“Ammunition for larger calibers are snapped up as soon as it hits the shelves at the gun stores. What you can get is very, very expensive! If you can get it at all, that is.”
I suggested that he follow my methods and simply order it through the mail.
“It is illegal in Boston to have ammo shipped to you. I have to buy it at the gun stores just like everyone else, which means I’m trying to get there before every other gun owner can get their hands on it!”
Now it was time for me to be rendered speechless, as my eyes slid over to the 5,000 rounds of 9mm and .38 Special which is less than 10 feet from where I was sitting.
To be barred from having ammunition delivered? How does that poor guy keep in business!
Still, money talks. Since a premium price was being paid, he reluctantly agreed to provide 50 rounds of .38 Special.
So, how did it go? knirirr seems to be pretty happy with the experience. If he ever finds himself in Ohio, however, I’m going to see if he can put a dent in my ammo pile!
On a last note, the following picture is of the .38 revolver knirirr used at the range. Looks to me like a rather old S&W Model 10, but I’m not up on all the different upgrades on design so I can’t say what it is exactly. Anyone want to make a stab at ID’ing the gun?
Firstly, I’d like to say thanks again for your efforts in sorting this out – it was excellent, and I hope to be able to repay the favour somehow at some point in the future. The training was very useful, and should also offer some hints for improved accuracy with my main revolver here (ASM Colt Walker repro).
In answer to your question about why 30 rounds, this is nothing to do with regulations, though I must count how many I fire each time so I can justify my “need” for the gun at licence renewal time by showing the police that I’ve used it often enough (some forces are less strict on the counting of rounds, allegedly). The reason is that our local range is essentially a 100m grass field with the butts at one end and a shed to hold the target frames (and provide shelter for .22 rifle shooters) at the other. BP revolver shooters must stand out in the open, 25m from the butts, to do their shooting. At least two people must be present for safety, and the guns can’t be loaded as each walks down to the butts to check their score. Waiting around for the other chap(s) to fire and check the target, combined with the slow loading time of a BP revolver and the need to stop and clean it from time to time, plus a break for tea and biscuits in the middle of the afternoon, mean that not many rounds get fired off during a session. I have a rack that holds around 50 pre-made charges, so that’s about my limit before I have to start measuring more out.
Thanks for clearing that up!
IMHO you are correct, although my fuzzy vision may see adjustable sights, which is what makes the Model-10 into a Model-15 (aka Combat Masterpiece); both models were used by police departments nationwide; it may be an old police department trade-in. The Pachmayr grips are a nice touch.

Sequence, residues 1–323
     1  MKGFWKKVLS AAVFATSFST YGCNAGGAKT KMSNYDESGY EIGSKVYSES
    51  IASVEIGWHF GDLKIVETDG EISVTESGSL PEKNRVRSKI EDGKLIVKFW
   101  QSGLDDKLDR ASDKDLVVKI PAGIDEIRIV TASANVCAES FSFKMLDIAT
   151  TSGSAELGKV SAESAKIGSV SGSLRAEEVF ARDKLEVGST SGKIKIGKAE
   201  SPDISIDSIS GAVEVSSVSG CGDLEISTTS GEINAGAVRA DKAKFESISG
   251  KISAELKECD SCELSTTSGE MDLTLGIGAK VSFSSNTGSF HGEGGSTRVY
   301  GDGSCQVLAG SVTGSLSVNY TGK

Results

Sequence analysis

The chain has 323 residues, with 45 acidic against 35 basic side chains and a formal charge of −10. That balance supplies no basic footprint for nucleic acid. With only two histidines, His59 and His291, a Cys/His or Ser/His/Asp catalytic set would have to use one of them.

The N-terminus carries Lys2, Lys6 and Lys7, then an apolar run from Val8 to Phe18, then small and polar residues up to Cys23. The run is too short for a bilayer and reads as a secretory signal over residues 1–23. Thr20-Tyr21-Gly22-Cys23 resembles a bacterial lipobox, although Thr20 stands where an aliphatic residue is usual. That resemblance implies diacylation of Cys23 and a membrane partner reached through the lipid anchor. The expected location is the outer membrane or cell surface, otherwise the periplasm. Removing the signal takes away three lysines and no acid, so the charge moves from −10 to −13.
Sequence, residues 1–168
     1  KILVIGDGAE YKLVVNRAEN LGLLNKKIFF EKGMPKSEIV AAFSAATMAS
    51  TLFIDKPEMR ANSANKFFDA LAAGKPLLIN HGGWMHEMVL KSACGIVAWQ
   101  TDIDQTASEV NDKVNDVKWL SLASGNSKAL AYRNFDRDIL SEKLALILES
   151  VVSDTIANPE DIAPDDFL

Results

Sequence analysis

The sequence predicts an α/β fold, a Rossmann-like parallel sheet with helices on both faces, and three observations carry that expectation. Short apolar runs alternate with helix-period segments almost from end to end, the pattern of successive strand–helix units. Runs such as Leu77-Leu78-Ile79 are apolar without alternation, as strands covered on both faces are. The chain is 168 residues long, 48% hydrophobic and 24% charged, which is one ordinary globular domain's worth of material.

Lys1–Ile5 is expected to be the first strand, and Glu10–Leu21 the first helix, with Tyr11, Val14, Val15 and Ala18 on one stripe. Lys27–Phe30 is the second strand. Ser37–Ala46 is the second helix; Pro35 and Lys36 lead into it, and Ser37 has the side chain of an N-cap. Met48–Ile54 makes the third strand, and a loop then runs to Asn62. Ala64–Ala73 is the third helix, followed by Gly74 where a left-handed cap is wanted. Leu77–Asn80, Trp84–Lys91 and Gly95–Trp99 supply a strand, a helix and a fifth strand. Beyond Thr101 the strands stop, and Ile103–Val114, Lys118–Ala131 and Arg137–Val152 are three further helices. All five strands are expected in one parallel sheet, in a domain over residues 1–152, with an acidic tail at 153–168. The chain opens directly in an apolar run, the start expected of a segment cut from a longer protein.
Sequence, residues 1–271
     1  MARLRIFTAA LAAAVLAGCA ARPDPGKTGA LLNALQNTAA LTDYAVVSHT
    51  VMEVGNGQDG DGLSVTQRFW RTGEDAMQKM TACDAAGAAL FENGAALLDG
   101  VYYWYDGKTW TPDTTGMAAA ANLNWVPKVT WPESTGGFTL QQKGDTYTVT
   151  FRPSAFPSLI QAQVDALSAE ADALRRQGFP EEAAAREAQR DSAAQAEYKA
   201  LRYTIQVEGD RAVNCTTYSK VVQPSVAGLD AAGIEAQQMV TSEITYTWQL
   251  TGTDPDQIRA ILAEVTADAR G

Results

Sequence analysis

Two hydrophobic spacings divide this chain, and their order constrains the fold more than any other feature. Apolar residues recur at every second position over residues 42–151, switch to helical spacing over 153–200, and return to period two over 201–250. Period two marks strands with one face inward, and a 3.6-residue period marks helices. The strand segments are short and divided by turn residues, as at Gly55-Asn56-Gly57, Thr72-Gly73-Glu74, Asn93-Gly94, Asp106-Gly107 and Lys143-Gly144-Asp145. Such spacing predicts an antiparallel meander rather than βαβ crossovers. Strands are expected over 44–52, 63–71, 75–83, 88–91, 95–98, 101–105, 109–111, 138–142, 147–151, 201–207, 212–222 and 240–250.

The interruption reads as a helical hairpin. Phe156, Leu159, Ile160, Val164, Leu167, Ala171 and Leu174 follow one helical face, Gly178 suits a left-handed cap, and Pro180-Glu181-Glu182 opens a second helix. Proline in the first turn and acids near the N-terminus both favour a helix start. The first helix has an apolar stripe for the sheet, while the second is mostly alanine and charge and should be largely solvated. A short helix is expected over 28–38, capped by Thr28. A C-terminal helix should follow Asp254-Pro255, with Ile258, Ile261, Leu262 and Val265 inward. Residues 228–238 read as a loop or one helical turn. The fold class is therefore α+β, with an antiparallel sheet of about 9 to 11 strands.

I think you are right! That sure looks like adjustable sights to me!
Isn’t there some stupid law preventing americans from giving
firearms training to foreigners? Or am I very mistaken?
There are various impediments for a non-resident alien from purchasing a firearm, but none that I am aware of about taking a class concerning them.
Of course, I am not a lawyer, and laws differ depending on what state/county/city you are in. So you might very well be right!
Out of interest I looked up the details of foreigners coming to the UK to shoot. It would appear to be possible, but the details I’ve found so far assume that they’re bringing their own firearms, or wanting to participate in hunting, though there must be details of target shooting around somewhere.
That is a seriously cool story.
Well done James, and I’m very glad that Knirrir got (and enjoyed) his range time.
Nice work James! Not many would go the extra mile for someone on the internet.
Mr. knirrir is fortunate to have you on his side.
Please extend to him my personal invitation – if he should get back to this side of the wide ocean and he can make it to Dallas with two days to spare, we will be pleased to run him through a Texas CHL course and an NRA Personal Protection in the Home course if he would be interested. If he wants to, he can play with any of our training guns, from ex-NYPD S & W Model 10, S & W Model 25 and 29, various Colt snubbies, Ruger Vaquero, several flavors of 1911 and any of the common plastic fantastic. We might be able to get him 4 or 5 magazines to run through a Class III Sterling or Sten, as well.
He may contact me at the e-mail I provided you.
Fantastic offer, Greg! If I know knirirr, he will take you up on that if he is able!
That goes for me too. If he ever found himself in the interior (Wichita, KS) I would be pleased and proud to make sure he would have to explain to the TSA the copius quantities of gun shot residue on his clothing. (Training available too)
As it happens I was picked by the TSA to be swabbed for explosives on my way out, but luckily for me they found nothing.